A former deputy editor has warned journalists against viewing regional press life through “rose-tinted spectacles” after the re-release of a video depicting the workings of a daily newspaper 26 years ago.
HTFP reported earlier this month how the film showcasing a day in the life of the then Coventry Evening Telegraph in 1991 had come to light after being posted on YouTube.
He outlined factors including a lack of women in the Telegraph’s 1991 newsroom, overly-long conferences and production processes, and senior management spending too much time in their own offices instead of leading “from the front”.
Paul also recalled the paraphernalia of the pre-internet age “when you could miss a splash if the post was held up”, and singled out a quote from the documentary in which former Telegraph editor Neil Benson said the paper sold 90,000 copies a day “more or less irrespective of what’s in it”.
On his blog, Paul wrote: “Oh happy day. Oh happy day when, in a city of 300,000 people, you achieve something close to total penetration, no matter what you did. When you have to beat a radio station or two, and your two regional TV newsrooms, but never have to worry about people-powered news websites, or Twitter, or football clubs cutting you out of the equation altogether.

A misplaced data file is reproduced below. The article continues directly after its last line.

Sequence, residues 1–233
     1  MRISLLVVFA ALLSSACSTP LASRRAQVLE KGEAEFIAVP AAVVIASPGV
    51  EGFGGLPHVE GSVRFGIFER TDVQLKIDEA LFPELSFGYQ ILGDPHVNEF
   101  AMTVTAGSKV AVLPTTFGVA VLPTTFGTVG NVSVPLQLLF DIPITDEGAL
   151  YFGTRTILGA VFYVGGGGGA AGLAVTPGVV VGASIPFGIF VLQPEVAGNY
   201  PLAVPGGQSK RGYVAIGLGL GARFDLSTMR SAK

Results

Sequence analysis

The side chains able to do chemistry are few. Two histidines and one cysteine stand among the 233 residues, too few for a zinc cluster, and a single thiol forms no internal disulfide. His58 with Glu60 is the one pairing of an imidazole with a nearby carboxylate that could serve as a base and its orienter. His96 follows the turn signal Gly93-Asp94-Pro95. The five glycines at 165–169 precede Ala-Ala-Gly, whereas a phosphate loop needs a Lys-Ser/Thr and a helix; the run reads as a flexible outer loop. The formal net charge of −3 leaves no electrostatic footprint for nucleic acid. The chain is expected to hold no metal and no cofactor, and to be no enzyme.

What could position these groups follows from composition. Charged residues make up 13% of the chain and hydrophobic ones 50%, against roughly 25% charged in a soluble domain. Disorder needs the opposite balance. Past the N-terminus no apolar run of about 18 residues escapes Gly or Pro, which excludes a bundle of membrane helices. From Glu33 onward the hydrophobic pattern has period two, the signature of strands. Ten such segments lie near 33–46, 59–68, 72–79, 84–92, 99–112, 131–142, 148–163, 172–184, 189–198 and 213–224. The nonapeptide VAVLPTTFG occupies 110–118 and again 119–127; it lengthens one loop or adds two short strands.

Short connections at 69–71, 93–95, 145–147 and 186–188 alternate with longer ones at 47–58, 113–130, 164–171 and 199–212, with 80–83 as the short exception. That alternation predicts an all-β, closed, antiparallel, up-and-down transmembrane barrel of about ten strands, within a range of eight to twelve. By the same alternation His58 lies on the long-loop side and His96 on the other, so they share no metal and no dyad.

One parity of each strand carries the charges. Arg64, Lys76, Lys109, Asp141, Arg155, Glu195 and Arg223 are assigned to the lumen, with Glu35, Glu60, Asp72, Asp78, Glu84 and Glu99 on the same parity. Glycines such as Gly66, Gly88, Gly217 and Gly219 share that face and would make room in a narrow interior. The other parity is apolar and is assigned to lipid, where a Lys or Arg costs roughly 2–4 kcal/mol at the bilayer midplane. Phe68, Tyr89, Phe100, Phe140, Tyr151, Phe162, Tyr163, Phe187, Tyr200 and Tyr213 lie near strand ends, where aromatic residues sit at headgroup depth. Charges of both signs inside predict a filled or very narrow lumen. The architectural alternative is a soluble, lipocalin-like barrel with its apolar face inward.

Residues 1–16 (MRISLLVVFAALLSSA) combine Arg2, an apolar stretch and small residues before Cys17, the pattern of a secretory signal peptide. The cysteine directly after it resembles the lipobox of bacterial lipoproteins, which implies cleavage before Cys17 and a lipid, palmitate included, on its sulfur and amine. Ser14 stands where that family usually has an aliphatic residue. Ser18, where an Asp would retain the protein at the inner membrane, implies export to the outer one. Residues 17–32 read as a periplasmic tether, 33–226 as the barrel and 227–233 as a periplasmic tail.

“I’ve argued strongly before that the reporters of today have to work far harder than I ever did, 26, 16 or six years ago. And I think the discipline of having to cope with a multimedia, transient, hypercritical audience means our journalism is better. I know much of the writing certainly is, having seen some of the tortuous rubbish that passed muster in my youth.
“So, while it’s tempting to hark back to those so-called good old days, I’m resisting the urge. On the surface of it, life in those packed newsrooms producing papers snapped up by entire communities feels like a golden age.
“But the joy of journalism can be as real now as it was 26 years ago, with new ways of telling stories, and new platforms to reach audiences undreamed of in 1991. And there’s certainly never been a greater need for what we do.”
In a previous post, Paul has previously criticised claims that there was “once some golden age of journalism” and defended young journalists as having to work far harder than their counterparts in previous decades.
Speaking to HTFP, Paul added: “It would be easy to long through rose-tinted spectacles to return to a time of full newsrooms, the reader loyalty of 90,000 sales a day and relationships with official contacts that allow you to ring stories in from their phones.
“But apart from the fact that those days are well and truly gone, such nostalgia also sweeps an awful lot of awkward issues under the carpet,”